“Whatever your eye can see, it's vecik.” This line resonated with me while I was conducting my fieldwork in Taiwan with the indigenous Paiwan village known as Paridrayan. Good friend and prolific artist, Etan Pavavaljung, once mentioned to me this Paiwan concept known as vecik. The concept, briefly speaking, implies an interconnectedness that links all tangible things with each other. From humans, rocks, and trees to winds and words, they are connected to each other through vecik...“However,” he added, “something like poetry can be vecik.”. He continued, “let’s take for example, a village elder reciting a poem about his childhood. He recites verses about his flower garden from his childhood home as well as reminiscing his childhood days. These words become vecik.”
What would it mean to be no longer ‘in country’ in Australia? How would the legacies of British colonialism, and the attempted extirpation and survival of Australia’s indigenous peoples, be refracted in the experience of living in a new country with a very different colonial past?
“The body of the people is in that landscape so when it's mined and crushed and dug up, you’re not just doing it with rock, you’re also doing it with people, with the remains of people, and we know that happened on Banaba.” Katerina Teaiwa, Associate Professor at the School of Culture, History and Language … Continue reading Ep. #26 Mining Banaba: Katerina Teaiwa talks mining phosphate & decolonising modern anthropology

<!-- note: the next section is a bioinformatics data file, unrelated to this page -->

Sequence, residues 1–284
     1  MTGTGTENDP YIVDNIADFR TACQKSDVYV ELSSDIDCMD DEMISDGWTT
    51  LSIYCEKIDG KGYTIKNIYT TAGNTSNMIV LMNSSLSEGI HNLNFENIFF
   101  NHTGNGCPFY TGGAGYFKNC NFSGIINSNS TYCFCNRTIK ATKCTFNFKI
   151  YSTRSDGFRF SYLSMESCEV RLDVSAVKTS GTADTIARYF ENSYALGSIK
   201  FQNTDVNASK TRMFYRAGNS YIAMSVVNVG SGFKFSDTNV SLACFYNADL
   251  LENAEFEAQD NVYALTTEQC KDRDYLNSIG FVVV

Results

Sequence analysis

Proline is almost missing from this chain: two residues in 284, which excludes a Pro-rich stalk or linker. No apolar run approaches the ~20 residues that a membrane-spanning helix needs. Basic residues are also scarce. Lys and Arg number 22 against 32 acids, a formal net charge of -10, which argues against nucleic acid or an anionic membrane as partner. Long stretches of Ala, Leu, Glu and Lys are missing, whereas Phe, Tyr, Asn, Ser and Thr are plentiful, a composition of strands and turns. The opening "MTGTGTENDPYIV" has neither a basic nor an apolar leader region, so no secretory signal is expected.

"We think we are supposed to be comfortable. As long as we are trying to do everything to be comfortable, we will never make a change." In this themed panel discussion, our own Jodie and Simon sat down with Sana Ashraf and Bruma Rios-Mendoza, two PhD candidates in anthropology at ANU, to talk about decolonization: … Continue reading Ep. #23 Decolonizing anthropology, with Sana Ashraf and Bruma Rios-Mendoza: this month on TFS